So let’s start with my health. It’s on my mind daily. Maybe that’s what happens in the golden years—things just sort of moosh together and feed on each other relentlessly.

The list gets longer: heart arrhythmia and heartbeat speed or lack thereof; non-diabetic hypoglycemia; jaw bone loss of memory and inability to function properly; kidneys showing signs of aging; on glaucoma watch with nothing to report lately; IBS ever with me and I with it; still allergic to chocolate; caffeine considered poison to my system; lactose and soy intolerant; those pesky little skin cancers that just seem to keep popping up; and whatever I forgot to mention or didn’t mention on purpose.

And yet.

I look around and am beyond grateful for this female body and the ability to care for it. I spend hours in the kitchen making sure the food train is ready to go, and cleaning up pots and pans. I have a lovely kitchen, enough food, water, cookbooks galore, and a pantry full of ingredients. Best of all, I have a kitchen dining area with a lovely view of our back yard, bird feeders, birds and bees, trees, shrubs, spring flowers, the sky, the occasional bunny rabbit, groundhogs, and did I mention squirrels or that stray cat?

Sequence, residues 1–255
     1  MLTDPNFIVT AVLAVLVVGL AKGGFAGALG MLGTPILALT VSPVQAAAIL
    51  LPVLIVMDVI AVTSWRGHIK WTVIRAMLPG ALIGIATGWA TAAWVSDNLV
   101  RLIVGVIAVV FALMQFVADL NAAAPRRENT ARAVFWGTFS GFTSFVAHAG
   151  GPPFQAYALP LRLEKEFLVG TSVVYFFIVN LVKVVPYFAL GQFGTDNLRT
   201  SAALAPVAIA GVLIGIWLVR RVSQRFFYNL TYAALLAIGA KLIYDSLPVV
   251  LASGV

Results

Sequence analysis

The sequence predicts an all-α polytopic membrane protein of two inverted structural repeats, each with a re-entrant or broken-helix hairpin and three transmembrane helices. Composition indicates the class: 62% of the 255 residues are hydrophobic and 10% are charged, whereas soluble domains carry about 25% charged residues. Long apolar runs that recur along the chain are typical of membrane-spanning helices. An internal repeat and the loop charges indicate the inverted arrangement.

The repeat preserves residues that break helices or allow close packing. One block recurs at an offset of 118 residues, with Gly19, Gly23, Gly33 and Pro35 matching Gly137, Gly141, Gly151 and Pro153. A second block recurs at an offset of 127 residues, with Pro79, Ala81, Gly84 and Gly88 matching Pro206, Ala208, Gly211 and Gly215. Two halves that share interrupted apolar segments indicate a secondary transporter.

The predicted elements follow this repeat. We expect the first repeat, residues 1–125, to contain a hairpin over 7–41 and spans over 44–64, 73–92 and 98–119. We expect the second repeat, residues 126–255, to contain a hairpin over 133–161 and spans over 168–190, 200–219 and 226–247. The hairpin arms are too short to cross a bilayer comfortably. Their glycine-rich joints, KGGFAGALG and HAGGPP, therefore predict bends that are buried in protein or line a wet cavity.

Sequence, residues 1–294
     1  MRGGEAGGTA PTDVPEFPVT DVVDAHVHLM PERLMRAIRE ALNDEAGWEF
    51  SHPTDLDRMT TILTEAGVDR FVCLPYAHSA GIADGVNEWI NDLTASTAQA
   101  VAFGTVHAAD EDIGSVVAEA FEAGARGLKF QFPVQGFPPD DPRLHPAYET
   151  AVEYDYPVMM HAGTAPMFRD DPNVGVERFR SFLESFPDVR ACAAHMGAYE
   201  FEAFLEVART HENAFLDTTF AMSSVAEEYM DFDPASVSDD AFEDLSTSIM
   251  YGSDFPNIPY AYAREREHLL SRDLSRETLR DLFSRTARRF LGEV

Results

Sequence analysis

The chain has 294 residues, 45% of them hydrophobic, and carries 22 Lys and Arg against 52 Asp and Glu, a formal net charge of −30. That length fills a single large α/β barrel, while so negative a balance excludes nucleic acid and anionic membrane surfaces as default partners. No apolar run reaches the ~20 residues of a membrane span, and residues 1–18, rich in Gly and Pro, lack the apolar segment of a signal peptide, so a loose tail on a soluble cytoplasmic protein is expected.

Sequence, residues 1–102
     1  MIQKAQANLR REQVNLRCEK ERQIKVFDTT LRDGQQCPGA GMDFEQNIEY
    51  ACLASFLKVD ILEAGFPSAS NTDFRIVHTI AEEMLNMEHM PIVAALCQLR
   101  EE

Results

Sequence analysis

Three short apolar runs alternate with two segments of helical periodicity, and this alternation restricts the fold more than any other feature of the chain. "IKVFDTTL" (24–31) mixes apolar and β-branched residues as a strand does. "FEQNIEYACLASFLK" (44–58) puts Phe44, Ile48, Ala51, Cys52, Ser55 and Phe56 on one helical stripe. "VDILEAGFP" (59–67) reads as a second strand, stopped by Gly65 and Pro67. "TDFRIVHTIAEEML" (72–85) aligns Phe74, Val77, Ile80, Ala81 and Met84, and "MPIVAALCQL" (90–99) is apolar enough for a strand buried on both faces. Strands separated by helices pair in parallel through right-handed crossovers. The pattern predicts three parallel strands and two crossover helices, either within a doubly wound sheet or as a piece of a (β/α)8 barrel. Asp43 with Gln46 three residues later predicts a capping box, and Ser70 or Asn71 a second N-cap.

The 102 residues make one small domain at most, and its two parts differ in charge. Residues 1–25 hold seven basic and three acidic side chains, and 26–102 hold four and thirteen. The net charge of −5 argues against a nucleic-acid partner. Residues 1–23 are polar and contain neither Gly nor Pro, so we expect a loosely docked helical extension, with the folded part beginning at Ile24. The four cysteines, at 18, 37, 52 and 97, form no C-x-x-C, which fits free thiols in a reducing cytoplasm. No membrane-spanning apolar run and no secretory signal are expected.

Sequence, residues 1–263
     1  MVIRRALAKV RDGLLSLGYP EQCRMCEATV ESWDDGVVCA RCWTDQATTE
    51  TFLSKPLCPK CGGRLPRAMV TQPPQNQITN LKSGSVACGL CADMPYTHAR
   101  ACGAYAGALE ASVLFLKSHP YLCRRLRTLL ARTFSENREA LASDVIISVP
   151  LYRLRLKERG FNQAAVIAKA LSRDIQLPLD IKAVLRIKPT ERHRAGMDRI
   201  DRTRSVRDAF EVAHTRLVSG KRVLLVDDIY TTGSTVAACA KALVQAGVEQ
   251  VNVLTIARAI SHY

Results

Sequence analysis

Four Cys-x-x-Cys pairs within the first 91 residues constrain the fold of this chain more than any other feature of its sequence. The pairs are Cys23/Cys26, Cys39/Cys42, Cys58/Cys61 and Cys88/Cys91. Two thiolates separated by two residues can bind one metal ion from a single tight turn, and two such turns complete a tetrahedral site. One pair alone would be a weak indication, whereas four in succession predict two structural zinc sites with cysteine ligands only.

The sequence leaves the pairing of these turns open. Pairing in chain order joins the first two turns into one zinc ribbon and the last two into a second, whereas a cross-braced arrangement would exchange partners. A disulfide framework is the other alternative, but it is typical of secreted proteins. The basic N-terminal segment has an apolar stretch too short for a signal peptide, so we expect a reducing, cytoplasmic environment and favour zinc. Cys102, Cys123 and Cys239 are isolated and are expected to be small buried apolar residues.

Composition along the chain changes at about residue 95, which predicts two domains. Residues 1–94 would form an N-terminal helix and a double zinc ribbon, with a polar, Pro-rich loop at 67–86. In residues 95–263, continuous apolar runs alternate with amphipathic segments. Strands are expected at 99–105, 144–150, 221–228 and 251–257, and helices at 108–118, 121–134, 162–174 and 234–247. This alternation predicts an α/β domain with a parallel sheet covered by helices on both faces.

Two days ago I was—and still am—sorrowful because another church friend died last week. Teared up all day. In church, out of church. Anxious about my health, given my age. Down in the dumps about the way this presidential election and outcomes have galvanized family, friends, neighbors and strangers against each other. I’m also lonely—feeling like Emily Dickinson’s poem from the inside out. Yet hungry for time alone, especially in the evening, and for music to sooth my spirit and bring on another wave of tears. Vulnerable and grateful.

And yet.

That very evening I had fallen apart. Out of control in the space of a heartbeat. Storming around the attic overwhelmed by messiness. We’re making great progress up there. Yet the messiness freaked me out. Not just my messes, but you-know-who’s messes. To say nothing about how I’ve been cleaning up (other peoples’) messes all my life and I’m sick and tired of it and I won’t take it anymore!